The story, as you can surmise, is pure hokum. But what hokum! Prince of Persia acknowledges its absurdity and runs with it, turning a possible liability into a crazy brand of Saturday-matinee majesty. The director is Mike Newell, the filmmaker behind, among other things, Donnie Brasco and Harry Potter and the Goblet of Fire, one of the better movies of that franchise. Newell is part of an increasingly rare breed: A filmmaker working in the mainstream who knows what he's doing. Even when his movies aren't perfect, they at least have a definite vision, and you never get the sense he's dumbing stuff down to make sure the audience gets it.

Prince of Persia has lots of action, and for the most part Newell handles it deftly. While there's clearly some CGI afoot, he also showcases honest-to-God stuntwork -- characters leap from one rooftop to another, or swing, Douglas Fairbanks-style, from lengths of rope. (There's also an ostrich race presided over by a cackling Alfred Molina, who shows up for some comic relief.) Even Newell's use of a mostly British cast is an affectionate nod to the days when classically trained (or just plain good) actors -- James Mason, Alec Guinness, Christopher Plummer -- would regularly show up in historical epics. I'm afraid people will giggle when they first hear Gyllenhaal's affected English accent. But I suspect that's Gyllenhaal's way of fitting in with his fellow actors and with this tradition. He doesn't want to be left out of this club, and why should he? His performance is straightforward and refreshingly unsubtle; he seems to be having a blast, strutting and smoldering his way through the sands of time.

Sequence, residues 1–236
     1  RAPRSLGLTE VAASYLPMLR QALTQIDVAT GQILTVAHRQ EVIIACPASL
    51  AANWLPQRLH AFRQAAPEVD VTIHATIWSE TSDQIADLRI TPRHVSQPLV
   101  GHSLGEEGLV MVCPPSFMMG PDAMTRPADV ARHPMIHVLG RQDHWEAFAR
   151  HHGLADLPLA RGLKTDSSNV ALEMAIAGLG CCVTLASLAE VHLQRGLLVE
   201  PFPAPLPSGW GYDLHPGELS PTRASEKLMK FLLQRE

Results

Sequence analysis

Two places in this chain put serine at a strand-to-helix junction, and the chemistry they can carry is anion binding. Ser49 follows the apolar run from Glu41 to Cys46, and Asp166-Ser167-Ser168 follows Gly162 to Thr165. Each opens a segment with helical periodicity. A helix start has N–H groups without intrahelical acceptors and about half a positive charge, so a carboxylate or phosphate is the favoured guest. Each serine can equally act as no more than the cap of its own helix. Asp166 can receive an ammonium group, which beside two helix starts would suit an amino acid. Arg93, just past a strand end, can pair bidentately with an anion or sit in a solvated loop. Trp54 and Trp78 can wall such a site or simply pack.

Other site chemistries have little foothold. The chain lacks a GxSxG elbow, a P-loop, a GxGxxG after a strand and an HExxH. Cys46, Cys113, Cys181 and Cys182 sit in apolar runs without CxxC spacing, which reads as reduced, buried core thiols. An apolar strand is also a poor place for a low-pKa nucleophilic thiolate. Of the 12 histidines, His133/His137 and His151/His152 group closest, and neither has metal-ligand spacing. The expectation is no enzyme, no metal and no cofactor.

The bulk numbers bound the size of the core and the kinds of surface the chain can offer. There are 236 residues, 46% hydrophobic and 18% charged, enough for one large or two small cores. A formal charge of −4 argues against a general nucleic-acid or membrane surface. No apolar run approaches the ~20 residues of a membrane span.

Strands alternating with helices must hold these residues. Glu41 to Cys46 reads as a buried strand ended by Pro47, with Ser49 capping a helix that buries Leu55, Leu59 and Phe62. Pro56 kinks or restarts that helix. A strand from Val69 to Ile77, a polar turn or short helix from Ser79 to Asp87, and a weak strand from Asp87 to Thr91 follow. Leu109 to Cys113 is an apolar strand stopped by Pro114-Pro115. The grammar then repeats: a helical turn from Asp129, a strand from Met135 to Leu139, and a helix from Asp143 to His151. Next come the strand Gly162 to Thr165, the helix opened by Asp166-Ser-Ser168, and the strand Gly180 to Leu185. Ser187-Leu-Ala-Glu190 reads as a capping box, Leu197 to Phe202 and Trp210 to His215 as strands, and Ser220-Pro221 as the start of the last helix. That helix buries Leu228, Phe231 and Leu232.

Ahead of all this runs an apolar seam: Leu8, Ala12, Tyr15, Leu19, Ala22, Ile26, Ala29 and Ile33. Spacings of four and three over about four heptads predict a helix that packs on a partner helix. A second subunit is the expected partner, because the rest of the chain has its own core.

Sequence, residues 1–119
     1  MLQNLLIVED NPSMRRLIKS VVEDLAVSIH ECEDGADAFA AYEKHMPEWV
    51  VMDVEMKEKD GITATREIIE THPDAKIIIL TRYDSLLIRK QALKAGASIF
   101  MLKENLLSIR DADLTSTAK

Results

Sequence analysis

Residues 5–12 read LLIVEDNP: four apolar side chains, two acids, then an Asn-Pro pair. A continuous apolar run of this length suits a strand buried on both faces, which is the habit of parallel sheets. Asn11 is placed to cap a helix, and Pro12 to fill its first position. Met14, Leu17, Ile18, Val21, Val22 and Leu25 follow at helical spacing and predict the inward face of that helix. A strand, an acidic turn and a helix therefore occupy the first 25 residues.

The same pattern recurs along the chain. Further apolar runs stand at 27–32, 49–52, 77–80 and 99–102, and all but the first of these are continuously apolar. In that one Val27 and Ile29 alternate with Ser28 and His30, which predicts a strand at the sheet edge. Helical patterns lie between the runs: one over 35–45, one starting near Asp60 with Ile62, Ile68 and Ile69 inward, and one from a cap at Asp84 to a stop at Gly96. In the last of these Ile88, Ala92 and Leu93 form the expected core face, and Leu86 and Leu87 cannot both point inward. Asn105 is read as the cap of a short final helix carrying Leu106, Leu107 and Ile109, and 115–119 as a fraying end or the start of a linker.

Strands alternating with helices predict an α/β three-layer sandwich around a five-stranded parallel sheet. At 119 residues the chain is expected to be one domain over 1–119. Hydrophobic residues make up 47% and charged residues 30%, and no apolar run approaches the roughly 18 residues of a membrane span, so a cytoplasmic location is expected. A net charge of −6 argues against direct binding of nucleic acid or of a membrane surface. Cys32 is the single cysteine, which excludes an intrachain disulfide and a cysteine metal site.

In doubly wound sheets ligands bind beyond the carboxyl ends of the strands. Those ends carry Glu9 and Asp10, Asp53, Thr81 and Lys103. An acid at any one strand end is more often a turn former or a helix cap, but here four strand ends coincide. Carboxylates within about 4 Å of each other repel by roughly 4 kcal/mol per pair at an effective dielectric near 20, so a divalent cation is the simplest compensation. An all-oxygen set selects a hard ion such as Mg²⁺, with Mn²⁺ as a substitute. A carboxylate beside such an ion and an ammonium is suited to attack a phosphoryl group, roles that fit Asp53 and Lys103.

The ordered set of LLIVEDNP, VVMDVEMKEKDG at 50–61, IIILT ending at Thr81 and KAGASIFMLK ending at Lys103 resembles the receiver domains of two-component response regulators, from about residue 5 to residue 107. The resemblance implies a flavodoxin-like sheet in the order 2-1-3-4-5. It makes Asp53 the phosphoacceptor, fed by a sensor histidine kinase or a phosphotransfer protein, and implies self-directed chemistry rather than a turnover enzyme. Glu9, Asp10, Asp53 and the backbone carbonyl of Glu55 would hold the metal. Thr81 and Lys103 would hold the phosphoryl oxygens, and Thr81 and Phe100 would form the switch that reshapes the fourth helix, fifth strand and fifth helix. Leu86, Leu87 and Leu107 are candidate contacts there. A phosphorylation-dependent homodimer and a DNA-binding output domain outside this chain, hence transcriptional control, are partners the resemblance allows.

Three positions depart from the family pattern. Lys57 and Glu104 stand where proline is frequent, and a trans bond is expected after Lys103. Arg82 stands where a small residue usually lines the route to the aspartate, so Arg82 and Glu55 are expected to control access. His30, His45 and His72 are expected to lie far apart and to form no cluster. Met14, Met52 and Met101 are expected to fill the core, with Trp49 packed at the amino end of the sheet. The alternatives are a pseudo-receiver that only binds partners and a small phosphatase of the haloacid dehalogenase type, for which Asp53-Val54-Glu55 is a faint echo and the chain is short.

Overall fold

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  • Sandy says:

    You sound like you work for Disney by practically begging people to see this movie. Other reviews I have read have not been good. One reviewer even stated that gyllenhaal's abs look computer generated. Ouch.

  • The Winchester says:

    See Prince of Persia: Sands of Time! It makes The Mummy Returns look like The Mummy: Tomb of the Dragon Emperor!

  • Emotionally Retarded says:

    Wow, Sandy, so Stephanie needs to stick strictly with the critical consensus?